Journalist admits fabricating story about town with 'Mexicans Keep Out' sign

A German journalist fabricated a story about his visit to a Minnesota town where he claimed he saw a "Mexicans Keep Out" sign, according to local outlet The Star Tribune

Claas Relotius, a reporter and editor with German news outlet Der Spiegel, admitted to fabricating quotes, characters and entire passages in at least 14 of 60 articles for the publication since 2011, Der Spiegel wrote in an article this week.  


One of the articles details a visit to Fergus Falls, Minn., according to the Tribune. Relotius wrote that there was a sign by the city limits reading "Mexicans Keep Out." He also claimed that City Administrator Andrew Bremseth hosted a "Game of Thrones" quiz night and wore a pistol holstered to his belt, both of which Bremseth says are untrue.

“There’s so little in the story that’s factual,” Bremseth told the Tribune. He said Relotius never responded when Bremseth pointed out the factual inaccuracies to him.

“There were people he totally created,” Bremseth said.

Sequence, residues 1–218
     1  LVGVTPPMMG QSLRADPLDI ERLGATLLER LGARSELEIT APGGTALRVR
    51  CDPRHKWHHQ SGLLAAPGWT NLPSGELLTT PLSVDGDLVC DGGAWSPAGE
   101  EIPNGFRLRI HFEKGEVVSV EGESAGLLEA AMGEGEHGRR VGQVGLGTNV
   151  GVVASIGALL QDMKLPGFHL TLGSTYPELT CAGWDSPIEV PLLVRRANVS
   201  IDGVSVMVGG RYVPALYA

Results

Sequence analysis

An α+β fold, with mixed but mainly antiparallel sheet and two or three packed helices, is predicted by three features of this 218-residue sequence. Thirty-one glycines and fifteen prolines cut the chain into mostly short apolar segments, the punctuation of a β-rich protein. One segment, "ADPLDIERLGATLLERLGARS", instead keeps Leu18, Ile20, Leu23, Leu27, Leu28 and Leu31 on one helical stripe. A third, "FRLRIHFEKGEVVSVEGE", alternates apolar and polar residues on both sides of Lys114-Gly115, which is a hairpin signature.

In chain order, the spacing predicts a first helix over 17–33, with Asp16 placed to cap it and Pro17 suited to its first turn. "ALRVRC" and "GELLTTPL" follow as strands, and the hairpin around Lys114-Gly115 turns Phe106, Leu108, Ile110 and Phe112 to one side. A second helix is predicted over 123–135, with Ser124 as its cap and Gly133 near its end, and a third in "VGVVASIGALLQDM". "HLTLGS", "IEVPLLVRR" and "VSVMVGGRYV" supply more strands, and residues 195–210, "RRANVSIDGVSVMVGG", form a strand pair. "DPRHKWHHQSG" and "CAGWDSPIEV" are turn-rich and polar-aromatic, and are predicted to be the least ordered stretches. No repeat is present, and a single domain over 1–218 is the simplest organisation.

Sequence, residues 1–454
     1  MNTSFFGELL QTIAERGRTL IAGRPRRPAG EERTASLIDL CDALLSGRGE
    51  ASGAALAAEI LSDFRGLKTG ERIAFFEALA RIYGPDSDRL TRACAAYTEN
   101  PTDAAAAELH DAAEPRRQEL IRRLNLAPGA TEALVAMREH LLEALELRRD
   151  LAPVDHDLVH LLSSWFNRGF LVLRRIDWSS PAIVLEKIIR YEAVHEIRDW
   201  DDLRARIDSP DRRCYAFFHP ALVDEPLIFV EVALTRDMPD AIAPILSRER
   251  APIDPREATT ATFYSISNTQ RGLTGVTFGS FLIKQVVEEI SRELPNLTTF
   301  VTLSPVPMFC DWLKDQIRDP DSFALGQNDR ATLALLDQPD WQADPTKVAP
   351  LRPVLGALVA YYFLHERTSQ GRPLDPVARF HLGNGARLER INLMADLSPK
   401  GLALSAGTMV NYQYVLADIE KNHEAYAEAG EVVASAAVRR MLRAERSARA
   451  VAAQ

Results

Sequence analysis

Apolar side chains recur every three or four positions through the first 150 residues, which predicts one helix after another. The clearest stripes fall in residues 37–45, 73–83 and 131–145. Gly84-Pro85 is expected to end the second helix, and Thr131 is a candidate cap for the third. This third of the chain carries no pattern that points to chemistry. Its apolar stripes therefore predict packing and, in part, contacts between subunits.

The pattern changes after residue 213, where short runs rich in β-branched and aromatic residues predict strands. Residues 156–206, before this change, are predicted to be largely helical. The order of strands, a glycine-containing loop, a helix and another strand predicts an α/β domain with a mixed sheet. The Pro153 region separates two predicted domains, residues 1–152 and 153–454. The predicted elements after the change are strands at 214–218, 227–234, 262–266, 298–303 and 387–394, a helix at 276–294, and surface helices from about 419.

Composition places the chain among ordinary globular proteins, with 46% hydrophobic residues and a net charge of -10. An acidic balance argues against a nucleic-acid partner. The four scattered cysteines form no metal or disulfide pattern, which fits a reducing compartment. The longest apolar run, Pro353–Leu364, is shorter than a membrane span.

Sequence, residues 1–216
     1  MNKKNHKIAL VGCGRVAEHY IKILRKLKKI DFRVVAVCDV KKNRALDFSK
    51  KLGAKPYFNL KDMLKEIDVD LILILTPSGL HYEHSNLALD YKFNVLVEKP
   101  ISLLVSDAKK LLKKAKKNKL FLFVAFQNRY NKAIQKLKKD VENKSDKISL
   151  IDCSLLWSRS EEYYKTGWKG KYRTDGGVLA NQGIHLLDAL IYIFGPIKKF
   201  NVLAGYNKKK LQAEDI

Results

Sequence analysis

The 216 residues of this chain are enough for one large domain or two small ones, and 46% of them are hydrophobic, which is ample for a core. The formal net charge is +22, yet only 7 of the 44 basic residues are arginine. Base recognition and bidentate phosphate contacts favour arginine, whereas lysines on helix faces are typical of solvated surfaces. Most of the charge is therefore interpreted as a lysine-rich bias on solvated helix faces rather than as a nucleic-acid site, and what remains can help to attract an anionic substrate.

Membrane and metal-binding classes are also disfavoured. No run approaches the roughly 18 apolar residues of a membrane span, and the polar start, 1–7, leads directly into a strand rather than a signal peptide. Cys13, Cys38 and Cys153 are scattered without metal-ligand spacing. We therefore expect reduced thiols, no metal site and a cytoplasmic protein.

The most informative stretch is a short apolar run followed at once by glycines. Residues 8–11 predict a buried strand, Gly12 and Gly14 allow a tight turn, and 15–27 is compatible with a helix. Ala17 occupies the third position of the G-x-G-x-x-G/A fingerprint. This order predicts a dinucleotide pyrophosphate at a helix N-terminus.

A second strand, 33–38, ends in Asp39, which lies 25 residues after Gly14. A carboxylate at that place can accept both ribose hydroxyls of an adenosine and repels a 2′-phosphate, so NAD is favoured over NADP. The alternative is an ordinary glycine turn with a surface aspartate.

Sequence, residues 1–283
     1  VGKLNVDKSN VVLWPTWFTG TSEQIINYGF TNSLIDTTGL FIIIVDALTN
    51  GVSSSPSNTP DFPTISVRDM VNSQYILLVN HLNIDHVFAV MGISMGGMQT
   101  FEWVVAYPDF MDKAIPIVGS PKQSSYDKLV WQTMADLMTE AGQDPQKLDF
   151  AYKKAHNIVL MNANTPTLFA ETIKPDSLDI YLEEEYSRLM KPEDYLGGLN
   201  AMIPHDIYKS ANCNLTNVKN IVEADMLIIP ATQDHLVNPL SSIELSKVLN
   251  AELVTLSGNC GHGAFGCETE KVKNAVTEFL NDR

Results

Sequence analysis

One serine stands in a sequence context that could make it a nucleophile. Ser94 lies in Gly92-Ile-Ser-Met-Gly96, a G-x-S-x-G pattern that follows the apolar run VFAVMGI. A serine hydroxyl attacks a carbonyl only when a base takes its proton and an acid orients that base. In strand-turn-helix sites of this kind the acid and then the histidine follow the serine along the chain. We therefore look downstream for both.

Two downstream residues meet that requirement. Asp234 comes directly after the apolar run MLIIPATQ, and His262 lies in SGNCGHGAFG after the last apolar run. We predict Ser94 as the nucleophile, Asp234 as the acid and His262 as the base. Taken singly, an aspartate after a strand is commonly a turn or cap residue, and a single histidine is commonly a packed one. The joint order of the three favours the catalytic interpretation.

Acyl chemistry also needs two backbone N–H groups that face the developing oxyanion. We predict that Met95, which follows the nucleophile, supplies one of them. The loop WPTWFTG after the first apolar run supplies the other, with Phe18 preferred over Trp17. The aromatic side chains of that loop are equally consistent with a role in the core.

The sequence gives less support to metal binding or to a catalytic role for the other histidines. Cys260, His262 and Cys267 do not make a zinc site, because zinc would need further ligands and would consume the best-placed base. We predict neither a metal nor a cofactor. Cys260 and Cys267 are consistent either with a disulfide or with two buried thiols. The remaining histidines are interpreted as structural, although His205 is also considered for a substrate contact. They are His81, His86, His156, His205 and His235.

“It’s a small town," longtime Fergus Falls resident Michele Anderson told the paper. "A lot of us would have known about it," she added, referring to the sign Relotius referred to.

Relotius was sent to Fergus Falls four days after President TrumpDonald John TrumpNew Jersey incumbents steamroll progressive challengers in primaries Tucker Carlson ratchets up criticism of Duckworth, calls her a 'coward' Trump on Confederate flag: 'It's freedom of speech' MORE's inauguration to give German readers insight into an American town, the Tribune reported.

Der Spiegel on Wednesday said Relotius had been fired after confessing this week that he made up details and stories in multiple articles, including some that won awards.

"By his own admission, there are at least 14 articles," the magazine wrote, before asking, "Could that figure actually be considerably higher?"

"Claas Relotius committed his deception intentionally, methodically and with criminal intent," Der Spiegel wrote. "For example, he included individuals in his stories who he had never met or spoken to, telling their stories or quoting them. Instead, he would reveal, he based the depictions on other media or video recordings." 

"By doing so, he created composite characters of people who actually did exist but whose stories Relotius had fabricated," it added. "He also made up dialogue and quotes." 

The stories where Relotius reportedly included false information included pieces about the U.S.-Mexico border, inmates at Guantanamo Bay, and NFL quarterback Colin Kaepernick.